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Burlington City Council passes Short Term Rental restrictions

Burlington City Hall
Pat Bradley/WAMC
Burlington City Hall (file)

As part of a busy meeting Tuesday night, the Burlington, Vermont City Council voted to restrict short-term rentals.

Public comments focused on a proposal to revise the city’s Short Term Rental ordinance. Vermont Short Term Rental Alliance member Julia Marks was among the majority expressing opposition to the measure.

“Our assessment is that this highly restrictive ordinance will cost the city hundreds of thousands of dollars in lost revenue and economic activity and diminish the amount of capital investment being added to Burlington’s aging housing structures. From the beginning our primary recommendations toward regulating Short Term Rentals have been to implement a registration and monitoring system first." Marks continued, "It is disappointing that this does not seem to be the direction the council’s going to take. Banning Short term Rentals will be ineffective towards the goal of creating more housing.”

South District Democrat Joan Shannon says the intent of the resolution is to preserve the city’s long-term housing and restore unpermitted, illegal short-term rental units to the housing stock.

“The main requirements are that your short term rentals have to be within your primary residence, that you can’t rent more than three rooms and you have to register the property," Shannon explained. "The amendment that was offered with my motion also allows for a short term rental in a duplex or multi-unit building where you have a Section Eight rental. You may then offset that Section Eight rental with one short term rental.”

Mayor Miro Weinberger, a Democrat, said the city needs stricter Short Term Rental regulations. But he threatened a possible veto if amendments failed.

“The unamended version of the ordinance would be one of the most restrictive Short Term Rental ordinances in the country. It goes too far and is too intrusive and I do believe it will have significant negative community and economic consequences as written. It’s going to be very challenging for me to sign off on an unamended version of this ordinance.”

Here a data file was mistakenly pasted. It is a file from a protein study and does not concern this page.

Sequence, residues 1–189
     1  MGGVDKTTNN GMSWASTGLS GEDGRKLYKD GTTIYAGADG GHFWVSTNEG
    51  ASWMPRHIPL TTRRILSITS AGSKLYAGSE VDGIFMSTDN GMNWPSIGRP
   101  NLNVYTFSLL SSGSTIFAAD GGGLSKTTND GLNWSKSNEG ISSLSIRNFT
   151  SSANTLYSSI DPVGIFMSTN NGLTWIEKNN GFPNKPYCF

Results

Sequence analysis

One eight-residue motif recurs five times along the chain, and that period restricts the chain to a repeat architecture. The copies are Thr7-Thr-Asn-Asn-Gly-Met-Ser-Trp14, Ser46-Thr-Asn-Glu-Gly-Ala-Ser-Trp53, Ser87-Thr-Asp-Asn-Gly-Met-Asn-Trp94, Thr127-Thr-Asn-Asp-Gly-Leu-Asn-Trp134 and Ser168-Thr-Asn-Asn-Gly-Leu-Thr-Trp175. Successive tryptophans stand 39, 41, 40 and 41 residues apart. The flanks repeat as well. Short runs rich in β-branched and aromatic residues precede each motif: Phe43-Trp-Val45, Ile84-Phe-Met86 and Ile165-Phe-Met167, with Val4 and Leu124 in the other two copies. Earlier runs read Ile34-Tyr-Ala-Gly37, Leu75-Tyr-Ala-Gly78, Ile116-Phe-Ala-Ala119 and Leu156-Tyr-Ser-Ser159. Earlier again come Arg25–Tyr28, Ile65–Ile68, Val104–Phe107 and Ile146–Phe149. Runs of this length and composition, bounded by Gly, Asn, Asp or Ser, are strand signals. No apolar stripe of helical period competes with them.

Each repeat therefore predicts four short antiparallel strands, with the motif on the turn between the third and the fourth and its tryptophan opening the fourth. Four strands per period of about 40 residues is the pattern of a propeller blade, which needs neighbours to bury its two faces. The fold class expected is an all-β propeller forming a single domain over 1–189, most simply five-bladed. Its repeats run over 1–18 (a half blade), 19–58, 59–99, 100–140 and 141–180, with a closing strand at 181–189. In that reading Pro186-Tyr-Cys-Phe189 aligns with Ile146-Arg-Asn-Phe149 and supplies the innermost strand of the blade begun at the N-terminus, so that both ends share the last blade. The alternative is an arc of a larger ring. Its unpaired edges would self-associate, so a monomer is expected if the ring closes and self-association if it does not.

Two amendments failed on 6-6 votes. The council then passed the Short Term Rental restriction ordinance on an 8-4 vote.

City leaders also decided not to extend an indoor mask mandate that expires on March 3rd.

Weinberger’s office announced last week that the first and only director of its Racial Equity, Inclusion and Belonging department would leave her position on March 10th to “pursue other opportunities.” During City Council General Affairs reports, Progressive Council President Max Tracy, who ran against Mayor Weinberger last year, implied the mayor is to blame for her departure.

“This is just a tremendous loss for our city. What we’re hearing and what actually happened there’s a significant discrepancy. Doing this kind of work is not easy. It’s unfortunate that we’ve come to find out and we know that this work was made more difficult by the obstruction she experienced during her time working in and with this administration.”

Tracy is not seeking re-election on Town Meeting Day next month.

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